When most people think of places with sizable tech talent pools, they likely picture Silicon Valley or Seattle. Here in Canada, cities like Toronto, Ottawa, Vancouver, and Montreal come to mind. According to CBRE’s most recent ranking of Canada’s top technology cities, Toronto ranks in first place, with a total tech talent pool of 250,000.
These cities have traditionally been magnets for software developers, IT specialists, and other tech workers. If the last year and a half has taught us anything about technology, though, it’s that geography matters less than we once thought it did. The widespread shift to working from home made it abundantly clear that, with the right tools, just about anyone can do their job from just about anywhere—provided their job involves a computer, of course.
The COVID-19 pandemic accelerated the adoption of digital technologies in just about every area of business, and that includes human resources. Video interviews aren’t exactly new—recruiters have been using them to screen candidates for about 20 years—but the practice became much more widely adopted last year. Like remote work and Zoom meetings, it has very much become part of the “new normal” for many organizations.
My own company, VidCruiter, is based in Moncton, New Brunswick, which is a fantastic place to live and work, but is generally not considered one of the world’s great tech hubs. (In fact, of all the Canadian cities CBRE ranked, Moncton came in dead last, with a talent pool of 2,900.) We happen to specialize in video recruitment and online hiring solutions—and we are not just a local business. In fact, we help HR teams all around the world modernize their recruiting efforts.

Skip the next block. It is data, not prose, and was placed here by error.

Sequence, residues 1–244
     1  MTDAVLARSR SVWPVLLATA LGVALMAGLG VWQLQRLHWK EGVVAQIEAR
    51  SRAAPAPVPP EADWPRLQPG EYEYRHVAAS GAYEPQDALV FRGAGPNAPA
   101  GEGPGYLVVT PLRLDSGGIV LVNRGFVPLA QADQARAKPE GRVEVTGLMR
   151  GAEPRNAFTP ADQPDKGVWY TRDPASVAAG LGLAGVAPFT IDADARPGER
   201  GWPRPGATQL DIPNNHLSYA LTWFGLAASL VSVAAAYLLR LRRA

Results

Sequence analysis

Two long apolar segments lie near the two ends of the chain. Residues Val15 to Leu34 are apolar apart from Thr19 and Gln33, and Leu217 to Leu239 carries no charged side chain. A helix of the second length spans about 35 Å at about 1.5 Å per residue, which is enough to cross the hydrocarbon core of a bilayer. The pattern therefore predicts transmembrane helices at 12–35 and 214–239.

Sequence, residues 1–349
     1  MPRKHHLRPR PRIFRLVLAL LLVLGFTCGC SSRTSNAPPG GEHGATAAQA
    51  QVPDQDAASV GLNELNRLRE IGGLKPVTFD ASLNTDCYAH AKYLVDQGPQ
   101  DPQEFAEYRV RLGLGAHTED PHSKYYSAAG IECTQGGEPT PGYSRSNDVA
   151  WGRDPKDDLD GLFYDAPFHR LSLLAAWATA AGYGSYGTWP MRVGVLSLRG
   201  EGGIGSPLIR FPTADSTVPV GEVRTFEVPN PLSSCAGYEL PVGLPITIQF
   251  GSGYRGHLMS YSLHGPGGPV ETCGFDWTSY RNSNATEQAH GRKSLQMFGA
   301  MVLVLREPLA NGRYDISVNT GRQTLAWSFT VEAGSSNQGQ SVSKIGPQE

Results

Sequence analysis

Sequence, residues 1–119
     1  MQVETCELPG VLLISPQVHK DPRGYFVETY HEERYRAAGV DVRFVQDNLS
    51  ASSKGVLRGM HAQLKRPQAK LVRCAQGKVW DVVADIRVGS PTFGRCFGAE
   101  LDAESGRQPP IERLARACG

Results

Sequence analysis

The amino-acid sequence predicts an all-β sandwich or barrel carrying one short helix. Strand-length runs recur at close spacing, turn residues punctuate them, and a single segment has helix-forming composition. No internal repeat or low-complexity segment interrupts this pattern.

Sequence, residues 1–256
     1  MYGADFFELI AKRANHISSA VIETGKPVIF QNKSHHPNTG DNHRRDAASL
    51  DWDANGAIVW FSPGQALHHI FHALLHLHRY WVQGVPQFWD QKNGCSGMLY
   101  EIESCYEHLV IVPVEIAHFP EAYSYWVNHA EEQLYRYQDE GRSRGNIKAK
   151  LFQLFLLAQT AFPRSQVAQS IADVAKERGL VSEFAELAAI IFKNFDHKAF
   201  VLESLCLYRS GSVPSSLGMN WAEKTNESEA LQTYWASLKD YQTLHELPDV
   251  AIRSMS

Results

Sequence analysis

Being based where we are hasn’t slowed us down one bit. Our CTO, Mike Wojcenovich, and I founded VidCruiter in 2012 as a two-person operation. Today, we have over 100 employees and a global roster of clients. We work with mid-to-large size organizations that hire anywhere from 15 to tens of thousands of employees per year, including school districts, major retailers, public health departments, and more than 70 departments and branches of the Government of Canada.
If you’re unfamiliar with video interviews, here’s a quick primer. There are basically two types—real-time virtual meetings similar to Zoom or Skype calls, and pre-recorded ones. The live meetings mirror in-person interviews in many ways, but the pre-recorded type is a new experience for many job applicants. During these online interviews, candidates are asked to record their answers to a series of questions, with their responses reviewed by the hiring team after the fact.
This asynchronous approach works well if, say, you’re interviewing a full-stack developer who happens to live in New York City or New Zealand (or New Brunswick, for that matter). Since pre-recorded video interviews don’t require interviewers and interviewees to meet at a predetermined time, they eliminate scheduling conflicts and time-zone challenges.
Video interviews also allow tech firms to interview more candidates more quickly, they can improve the quality of hires, and they can reduce time-to-hire by up to 90%. In the fast-paced and competitive tech world, that last point is crucial. After all, that very in demand full-stack developer isn’t going to sit around for three weeks waiting for you to make a decision.
We have seen firsthand that digital interviewing is a particularly good fit for technology companies, especially ones that are looking to recruit from a global talent pool and not just the one in their own backyard. Because they transcend geographical limitations, digital interviews can help level the playing field for companies in non-tech hubs by opening the doors to a larger field of candidates, allowing employers to seek out top tech talent anywhere across the country or around the world. It has certainly worked for VidCruiter—of our 100-member team, 90% work remotely from other cities.
The others live and work in Moncton—which, while it may not be Silicon Valley or Toronto, has turned out to be a really great place to run a tech business.